Report theft to the police, especially if you plan to make an insurance claim as you will be asked for a crime reference number as part of the claims process.
Your insurer may also ask to see cashpoint or currency exchange receipts too, so keep hold of these.
Some banks offer a free emergency cash service if you've lost your card while abroad (including Barclays, Lloyds and Santander).
Or, you can ask a friend to send you money using a service like Western Union and MoneyGram.
Should I convert to sterling?
No. If you’re withdrawing foreign cash or paying for items in shops and restaurants, it’s almost always best to pay in the local currency – not in pound sterling – when prompted.
Choosing to convert to sterling will mean that the merchant or ATM sets the conversion rate instead of your bank, known as dynamic currency conversion (DCC).
This typically means that you’ll get an unfavourable exchange rate and, in some cases, you’ll have to pay both your bank and the ATM operator a fee.
Check your receipt carefully as some merchants automatically select sterling when they give you the bill.
- Find out more: best banks for dealing with bank fraud
Should I pay with a credit card instead?
Credit cards come in handy if your hotel or car hire firm asks to temporarily hold a specific amount of the available balance, upon booking.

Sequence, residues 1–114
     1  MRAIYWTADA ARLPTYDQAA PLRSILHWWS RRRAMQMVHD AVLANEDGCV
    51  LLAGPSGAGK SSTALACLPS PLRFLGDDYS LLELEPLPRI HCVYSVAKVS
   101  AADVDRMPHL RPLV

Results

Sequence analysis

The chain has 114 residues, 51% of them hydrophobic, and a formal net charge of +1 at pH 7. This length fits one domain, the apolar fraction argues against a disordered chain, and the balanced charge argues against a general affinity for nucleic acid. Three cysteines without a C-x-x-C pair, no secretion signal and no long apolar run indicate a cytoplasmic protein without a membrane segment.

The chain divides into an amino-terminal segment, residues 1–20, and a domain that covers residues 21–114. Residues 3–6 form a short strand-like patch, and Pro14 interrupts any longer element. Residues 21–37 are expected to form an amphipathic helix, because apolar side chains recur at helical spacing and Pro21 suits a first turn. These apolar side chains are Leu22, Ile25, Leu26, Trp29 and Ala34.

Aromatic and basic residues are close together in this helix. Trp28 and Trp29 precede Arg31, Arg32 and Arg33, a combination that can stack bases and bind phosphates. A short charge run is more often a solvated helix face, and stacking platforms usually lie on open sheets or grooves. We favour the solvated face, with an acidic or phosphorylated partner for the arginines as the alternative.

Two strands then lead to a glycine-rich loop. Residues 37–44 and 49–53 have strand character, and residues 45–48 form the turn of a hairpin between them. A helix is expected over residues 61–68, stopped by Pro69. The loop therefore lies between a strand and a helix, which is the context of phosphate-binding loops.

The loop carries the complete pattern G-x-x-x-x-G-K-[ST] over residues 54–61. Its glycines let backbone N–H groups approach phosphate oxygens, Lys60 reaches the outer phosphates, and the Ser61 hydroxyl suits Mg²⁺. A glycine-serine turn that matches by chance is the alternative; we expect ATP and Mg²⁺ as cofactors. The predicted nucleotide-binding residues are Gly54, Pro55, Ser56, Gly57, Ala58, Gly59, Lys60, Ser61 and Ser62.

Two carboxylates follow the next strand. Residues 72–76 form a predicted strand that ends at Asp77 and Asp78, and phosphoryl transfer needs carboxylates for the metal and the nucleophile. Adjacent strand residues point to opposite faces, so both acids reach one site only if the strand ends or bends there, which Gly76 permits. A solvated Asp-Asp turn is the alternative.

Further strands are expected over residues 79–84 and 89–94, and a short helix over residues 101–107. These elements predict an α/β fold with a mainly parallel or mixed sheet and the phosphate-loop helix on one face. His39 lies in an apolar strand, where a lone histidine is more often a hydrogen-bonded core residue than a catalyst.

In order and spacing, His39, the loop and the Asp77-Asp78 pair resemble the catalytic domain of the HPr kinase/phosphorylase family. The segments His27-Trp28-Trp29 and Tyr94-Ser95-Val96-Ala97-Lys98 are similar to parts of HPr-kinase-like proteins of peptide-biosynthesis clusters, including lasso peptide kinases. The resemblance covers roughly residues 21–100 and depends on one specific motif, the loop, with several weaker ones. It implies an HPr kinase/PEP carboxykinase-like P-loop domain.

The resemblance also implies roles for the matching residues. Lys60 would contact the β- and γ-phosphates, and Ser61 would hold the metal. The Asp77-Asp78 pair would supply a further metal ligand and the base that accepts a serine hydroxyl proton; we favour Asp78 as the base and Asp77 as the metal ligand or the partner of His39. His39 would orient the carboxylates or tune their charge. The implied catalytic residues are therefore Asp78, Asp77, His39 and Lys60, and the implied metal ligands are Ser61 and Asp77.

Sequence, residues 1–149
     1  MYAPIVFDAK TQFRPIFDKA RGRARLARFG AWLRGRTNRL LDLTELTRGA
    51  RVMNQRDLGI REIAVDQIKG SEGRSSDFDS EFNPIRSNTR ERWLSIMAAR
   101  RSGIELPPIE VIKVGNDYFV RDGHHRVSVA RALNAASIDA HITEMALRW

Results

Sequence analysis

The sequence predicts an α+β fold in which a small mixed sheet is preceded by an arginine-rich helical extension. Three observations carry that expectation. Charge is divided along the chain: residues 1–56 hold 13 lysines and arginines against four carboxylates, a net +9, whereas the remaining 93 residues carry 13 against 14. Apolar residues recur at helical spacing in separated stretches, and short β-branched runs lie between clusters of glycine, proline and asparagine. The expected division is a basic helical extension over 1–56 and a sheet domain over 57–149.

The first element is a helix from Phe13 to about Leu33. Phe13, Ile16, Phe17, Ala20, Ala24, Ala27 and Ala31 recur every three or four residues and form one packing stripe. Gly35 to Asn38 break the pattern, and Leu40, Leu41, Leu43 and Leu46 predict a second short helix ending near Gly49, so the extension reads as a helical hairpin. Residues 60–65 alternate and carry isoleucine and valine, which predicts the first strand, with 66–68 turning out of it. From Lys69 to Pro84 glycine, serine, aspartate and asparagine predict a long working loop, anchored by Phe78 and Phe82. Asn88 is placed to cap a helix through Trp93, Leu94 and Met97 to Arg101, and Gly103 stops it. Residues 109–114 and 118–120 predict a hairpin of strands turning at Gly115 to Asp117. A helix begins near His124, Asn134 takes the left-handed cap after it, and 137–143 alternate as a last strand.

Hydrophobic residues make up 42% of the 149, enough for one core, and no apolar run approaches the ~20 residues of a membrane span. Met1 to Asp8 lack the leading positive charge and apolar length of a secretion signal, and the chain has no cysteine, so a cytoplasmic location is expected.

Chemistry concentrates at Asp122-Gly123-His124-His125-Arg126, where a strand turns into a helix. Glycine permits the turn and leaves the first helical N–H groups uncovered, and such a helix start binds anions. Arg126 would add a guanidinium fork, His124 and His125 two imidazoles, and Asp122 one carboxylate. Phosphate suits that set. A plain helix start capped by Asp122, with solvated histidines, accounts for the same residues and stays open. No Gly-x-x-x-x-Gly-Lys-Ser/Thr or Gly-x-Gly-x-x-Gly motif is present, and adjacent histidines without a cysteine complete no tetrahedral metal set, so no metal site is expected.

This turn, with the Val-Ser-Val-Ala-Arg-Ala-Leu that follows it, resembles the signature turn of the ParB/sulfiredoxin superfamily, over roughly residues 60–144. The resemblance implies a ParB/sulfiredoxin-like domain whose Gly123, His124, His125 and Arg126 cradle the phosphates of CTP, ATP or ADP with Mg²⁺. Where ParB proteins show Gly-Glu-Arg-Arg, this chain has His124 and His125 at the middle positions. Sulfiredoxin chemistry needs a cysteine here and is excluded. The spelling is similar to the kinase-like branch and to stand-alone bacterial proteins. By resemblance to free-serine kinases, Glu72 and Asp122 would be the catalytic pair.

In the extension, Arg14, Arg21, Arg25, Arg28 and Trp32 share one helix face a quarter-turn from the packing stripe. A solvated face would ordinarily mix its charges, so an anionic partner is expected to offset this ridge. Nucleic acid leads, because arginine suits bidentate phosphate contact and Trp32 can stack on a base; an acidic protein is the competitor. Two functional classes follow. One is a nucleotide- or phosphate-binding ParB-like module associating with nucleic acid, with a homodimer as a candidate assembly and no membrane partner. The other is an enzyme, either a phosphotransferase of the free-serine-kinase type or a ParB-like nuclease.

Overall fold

This is known as pre-authorisation – no funds are debited from your account, but firms use this to ensure that you will be able to settle the bill if you incur any additional charges.
There are a number of specialist travel credit cards that are far cheaper than the average debit cards.
Credit cards can be handy when you’re abroad, as you get top exchange rates and purchases between £100 and £30,000 benefit are covered by Section 75 (meaning the credit card company is jointly liable if the product or service is inadequate).
The downside is that you’ll typically be charged interest as soon as you withdraw cash from an ATM until you pay it back.
- Find out more: the best travel credit cards
What about prepaid travel cards?
Prepaid cards are useful if you want to limit the amount of cash you take on holiday or stick to a budget, but Which? members have reported occasional technical glitches using them abroad, so it’s advisable to bring another card as backup.
Revolut is one of the top prepaid cards for travellers, with no fees on foreign spending and free cash withdrawals up to £200 per month (a 2% fee applies after this).
Your account is managed via an app – so you’ll need a smartphone – but once you’ve loaded it with sterling, Revolut automatically converts to the local currency at the best available rate every time you use your card abroad.
You can also hold up to 23 currencies in-app, exchanging between them instantly. Additional features include real-time notifications of your transactions and instant card freezing for extra security.
Prepaid cards offer no protection against losses under Section 75 (this covers credit card transactions only), but you can still ask for payments to be reversed under the Visa and Mastercard chargeback schemes.
If a prepaid card provider goes bankrupt, your money isn’t covered by the Financial Services Compensation Scheme (FSCS), although regulated firms must hold funds in ring-fenced accounts to protect customers.